Nagayon Temple

Dating to around the end of the 11th century, Nagayon Temple lies just south of Myinkaba Village. Its dark interior hides some impressive frescoes and interesting design features.

Nagayon Temple, about half a mile south of Myinkaba Village, gets its name from the large serpent mouths that arch over the statue of The Buddha in the main shrine. Naga refers to the serpents, or king cobras, that you see stylized around the place, often protecting the entrances to wats and pagodas.

According to the temple’s founding legend, it’s built on the spot that Prince Kyanzittha slept while a naga watched over him.1 It probably dates to around the end of the 11th century.

Inside is dark, but there are dim corridors with rows of niches, each with (or at least once with) statues.

In the tall main shrine area, a few small skylights in the ceiling let in the only natural light, and if you’re there at the right time of day you can see them line up with the face of the main statue.

Not everything you see here is original. In fact, much of it is the result of various restorations. The spire that appears in very good condition was rebuilt after the 1975 earthquake. The inner sanctum was refurbished sometime around the late-18th or early-19th century (probably; the dating is unclear).

The temple does feature some very old and impressive frescoes, but they’re currently in poor condition, require a torch to see, as well as some patience to hunt for them. I had a hard time finding them and a harder time trying to photograph them.

Photos of Nagayon Temple

Photo by David Coleman. How to license & download this image.

Photo by David Coleman. How to license & download this image.

Photo by David Coleman. How to license & download this image.

Photo by David Coleman. How to license & download this image.

Photo by David Coleman. How to license & download this image.

Photo by David Coleman. How to license & download this image.

Photo by David Coleman. How to license & download this image.

Photo by David Coleman. How to license & download this image.

Photo by David Coleman. How to license & download this image.

Photo by David Coleman. How to license & download this image.

Photo by David Coleman. How to license & download this image.

Photo by David Coleman. How to license & download this image.

What to Know Before You Go

Take a flashlight (torch)–it’s dark inside.

As with many Burmese names, it has been transliterated into English in various ways. You’ll also see it written as Naga Yon Hpaya.

Nagayon Temple is about half a mile south of Myinkaba Village, close to Apeyadana Temple. If you’re heading down the Bagan-Chauk Road, it’s on the same side of the road as the the morning market and opposite side of the road from Manuha Temple.

It’s sometimes locked up, but it’s worth trying again some other time because you might be lucky and find it open.

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  1. Donald M. Stadtner, Ancient Pagan: Buddhist Plain of Merit (Bangkok: River Books, 2013) p.180-85.

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Traveling to Bagan?

Very few of the temples, pagodas, or stupas in the Bagan Archeological Zone have any information about them on site. And with literally thousands of sites to choose from, it's handy to go armed with information on what to see and where to start--especially for independent travelers without a guide.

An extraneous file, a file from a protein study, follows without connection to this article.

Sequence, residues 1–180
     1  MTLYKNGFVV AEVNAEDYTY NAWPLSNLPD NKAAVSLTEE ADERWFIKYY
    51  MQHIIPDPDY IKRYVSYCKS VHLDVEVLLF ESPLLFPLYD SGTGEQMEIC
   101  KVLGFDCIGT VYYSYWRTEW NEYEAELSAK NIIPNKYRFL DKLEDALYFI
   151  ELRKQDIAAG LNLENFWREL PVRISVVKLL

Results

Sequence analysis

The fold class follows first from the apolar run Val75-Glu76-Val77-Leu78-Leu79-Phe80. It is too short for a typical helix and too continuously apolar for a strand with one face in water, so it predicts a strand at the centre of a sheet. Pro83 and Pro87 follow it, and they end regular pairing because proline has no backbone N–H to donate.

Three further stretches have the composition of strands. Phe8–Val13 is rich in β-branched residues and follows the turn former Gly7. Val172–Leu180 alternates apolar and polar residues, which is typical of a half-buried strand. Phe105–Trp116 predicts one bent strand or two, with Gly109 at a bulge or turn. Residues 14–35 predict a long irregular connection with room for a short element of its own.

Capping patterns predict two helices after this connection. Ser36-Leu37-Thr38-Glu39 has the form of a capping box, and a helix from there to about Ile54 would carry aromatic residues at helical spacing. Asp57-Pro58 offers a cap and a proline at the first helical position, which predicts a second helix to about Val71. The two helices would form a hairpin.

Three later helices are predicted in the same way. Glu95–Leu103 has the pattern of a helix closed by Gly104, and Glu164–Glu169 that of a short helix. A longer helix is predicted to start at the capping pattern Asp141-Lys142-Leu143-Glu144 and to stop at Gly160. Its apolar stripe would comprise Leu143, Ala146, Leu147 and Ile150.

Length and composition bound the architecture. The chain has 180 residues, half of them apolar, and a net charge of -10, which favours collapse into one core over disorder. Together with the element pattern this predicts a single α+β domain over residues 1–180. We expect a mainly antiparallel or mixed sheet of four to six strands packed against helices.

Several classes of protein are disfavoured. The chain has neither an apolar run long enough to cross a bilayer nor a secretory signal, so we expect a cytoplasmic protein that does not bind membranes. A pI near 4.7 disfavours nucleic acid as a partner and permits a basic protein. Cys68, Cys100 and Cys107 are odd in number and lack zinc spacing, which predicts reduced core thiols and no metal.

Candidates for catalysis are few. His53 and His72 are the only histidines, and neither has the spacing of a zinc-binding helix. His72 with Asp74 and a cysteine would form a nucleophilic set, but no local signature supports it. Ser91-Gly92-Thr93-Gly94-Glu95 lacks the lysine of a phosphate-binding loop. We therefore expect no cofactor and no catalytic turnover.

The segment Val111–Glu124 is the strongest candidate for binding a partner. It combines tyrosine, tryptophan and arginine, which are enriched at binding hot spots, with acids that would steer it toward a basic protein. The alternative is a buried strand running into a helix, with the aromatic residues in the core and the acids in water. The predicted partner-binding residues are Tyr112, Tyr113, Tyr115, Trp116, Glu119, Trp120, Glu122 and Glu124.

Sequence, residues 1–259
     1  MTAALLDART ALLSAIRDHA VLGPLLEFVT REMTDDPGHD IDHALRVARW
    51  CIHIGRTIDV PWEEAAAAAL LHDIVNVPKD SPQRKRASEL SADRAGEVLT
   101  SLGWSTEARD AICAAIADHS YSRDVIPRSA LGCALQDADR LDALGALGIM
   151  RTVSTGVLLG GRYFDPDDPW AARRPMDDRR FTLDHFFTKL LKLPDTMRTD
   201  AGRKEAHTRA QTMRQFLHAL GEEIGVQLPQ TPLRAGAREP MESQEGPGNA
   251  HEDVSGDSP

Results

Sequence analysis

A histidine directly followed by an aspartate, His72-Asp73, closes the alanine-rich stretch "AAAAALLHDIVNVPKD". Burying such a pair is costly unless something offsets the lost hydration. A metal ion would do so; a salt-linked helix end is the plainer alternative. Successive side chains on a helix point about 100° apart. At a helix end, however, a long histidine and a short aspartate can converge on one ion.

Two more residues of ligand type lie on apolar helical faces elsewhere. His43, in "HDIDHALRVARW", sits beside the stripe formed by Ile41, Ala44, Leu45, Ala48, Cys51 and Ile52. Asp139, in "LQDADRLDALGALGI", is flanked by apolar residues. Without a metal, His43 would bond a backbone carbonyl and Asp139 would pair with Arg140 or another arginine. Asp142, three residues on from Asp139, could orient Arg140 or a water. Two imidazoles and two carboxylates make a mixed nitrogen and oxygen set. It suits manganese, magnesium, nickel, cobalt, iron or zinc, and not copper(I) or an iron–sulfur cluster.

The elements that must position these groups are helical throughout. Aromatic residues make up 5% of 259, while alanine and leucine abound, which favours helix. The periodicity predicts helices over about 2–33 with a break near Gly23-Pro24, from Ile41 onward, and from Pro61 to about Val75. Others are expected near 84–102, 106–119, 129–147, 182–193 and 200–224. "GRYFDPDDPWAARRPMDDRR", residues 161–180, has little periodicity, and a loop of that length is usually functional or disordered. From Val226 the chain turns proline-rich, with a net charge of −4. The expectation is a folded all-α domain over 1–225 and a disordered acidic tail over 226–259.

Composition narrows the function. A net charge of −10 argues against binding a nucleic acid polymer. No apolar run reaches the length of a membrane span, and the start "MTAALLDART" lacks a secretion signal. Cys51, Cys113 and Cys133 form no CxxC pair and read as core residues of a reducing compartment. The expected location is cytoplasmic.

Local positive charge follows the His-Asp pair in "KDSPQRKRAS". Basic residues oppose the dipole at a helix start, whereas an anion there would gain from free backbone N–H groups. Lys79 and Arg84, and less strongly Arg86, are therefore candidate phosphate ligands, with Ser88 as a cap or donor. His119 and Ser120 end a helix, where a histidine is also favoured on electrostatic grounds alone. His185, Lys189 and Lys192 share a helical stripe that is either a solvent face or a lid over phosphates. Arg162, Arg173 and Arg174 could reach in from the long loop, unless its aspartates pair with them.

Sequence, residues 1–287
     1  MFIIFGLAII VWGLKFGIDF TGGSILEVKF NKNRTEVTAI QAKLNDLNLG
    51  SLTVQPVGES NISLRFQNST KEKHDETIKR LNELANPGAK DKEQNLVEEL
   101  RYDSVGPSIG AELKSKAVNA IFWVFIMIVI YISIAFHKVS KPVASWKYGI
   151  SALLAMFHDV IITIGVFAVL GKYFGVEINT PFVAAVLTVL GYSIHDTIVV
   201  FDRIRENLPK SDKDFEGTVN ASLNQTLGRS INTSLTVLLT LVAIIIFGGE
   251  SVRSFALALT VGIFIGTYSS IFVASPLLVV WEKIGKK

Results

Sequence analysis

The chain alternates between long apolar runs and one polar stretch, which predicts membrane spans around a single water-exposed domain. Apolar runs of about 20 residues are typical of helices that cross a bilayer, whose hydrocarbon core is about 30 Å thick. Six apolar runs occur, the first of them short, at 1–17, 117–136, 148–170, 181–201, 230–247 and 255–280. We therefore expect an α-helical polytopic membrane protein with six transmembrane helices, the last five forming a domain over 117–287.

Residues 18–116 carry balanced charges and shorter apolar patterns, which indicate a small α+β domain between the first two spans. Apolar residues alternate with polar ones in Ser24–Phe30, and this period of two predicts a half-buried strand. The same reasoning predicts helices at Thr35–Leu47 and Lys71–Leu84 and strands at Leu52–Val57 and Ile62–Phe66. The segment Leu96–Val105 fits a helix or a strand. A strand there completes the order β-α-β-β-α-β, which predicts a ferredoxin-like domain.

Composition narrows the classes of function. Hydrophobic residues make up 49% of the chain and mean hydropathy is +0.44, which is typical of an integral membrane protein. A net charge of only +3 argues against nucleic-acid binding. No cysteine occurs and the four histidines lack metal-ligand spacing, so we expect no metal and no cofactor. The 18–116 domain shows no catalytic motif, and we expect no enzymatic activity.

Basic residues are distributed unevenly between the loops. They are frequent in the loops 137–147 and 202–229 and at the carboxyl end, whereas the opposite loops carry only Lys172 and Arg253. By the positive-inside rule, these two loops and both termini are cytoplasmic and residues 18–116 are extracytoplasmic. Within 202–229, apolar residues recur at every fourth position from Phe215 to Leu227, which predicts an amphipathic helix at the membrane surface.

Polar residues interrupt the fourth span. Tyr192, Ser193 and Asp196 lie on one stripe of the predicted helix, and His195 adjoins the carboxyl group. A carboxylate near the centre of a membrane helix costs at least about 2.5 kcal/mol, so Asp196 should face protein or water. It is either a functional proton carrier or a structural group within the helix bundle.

If you're looking for something that goes beyond the patchy information in the standard guide books, I've found these to be good:

David Raezer and Jennifer Raezer, Myanmar (Burma): Temples of Bagan
Approach Guides, 2017
Kindle

With maps, diagrams, and pictures, it's pitched as a "travel guidebook for the ultra curious." It offers detailed profiles of 21 of the major sites. It's an especially good option if you traveling with a Kindle, tablet, or smartphone and don't want to take up any space in your luggage or deal with the extra weight of a hard copy.



David M. Stadtner, Ancient Pagan: Buddhist Plain of Merit
Bangkok: River Books, 2013
Paperback

Written by a former professor of Art History who has authored many books on Indian and Burmese art, this book offers authoritative and detailed information on not just the architecture and art of the temples of Bagan but also the history of the region. It focuses on 33 of the major sites. Its photos by Michael Freeman are a standout feature. It's only available in paperback.



Ma Thanegi, Bagan Mystique
Yangon: Tanintaye Sarpay, 2011
Paperback

Ma Thanegi is a Burmese writer and journalist. The book doesn't offer the level of detail of the other two and is harder to find in the West, but it still offers useful summaries of a number of the major sites. It's available in paperback only (when you can find it).



Director of Archaeological Survey (Burma), A Pictorial Guide to Pagan
Rangoon: Ministry of Union Culture, 2nd rev. ed. 1963

This is a guide compiled under the auspices of the Burmese government in the mid-1950s and early-1960s. Despite being quite outdated, it has its own value with background on a number of pagodas and temples as well as fascinating historical photos of how the monuments looked in the middle of 20th century--sometimes quite different to how they appear today after being renovated. It's long out of print and hard to find, but I've scanned it and posted it here.



Maps: When you get to Bagan, there are good local maps available for free at the hotels that show many of the major sites.

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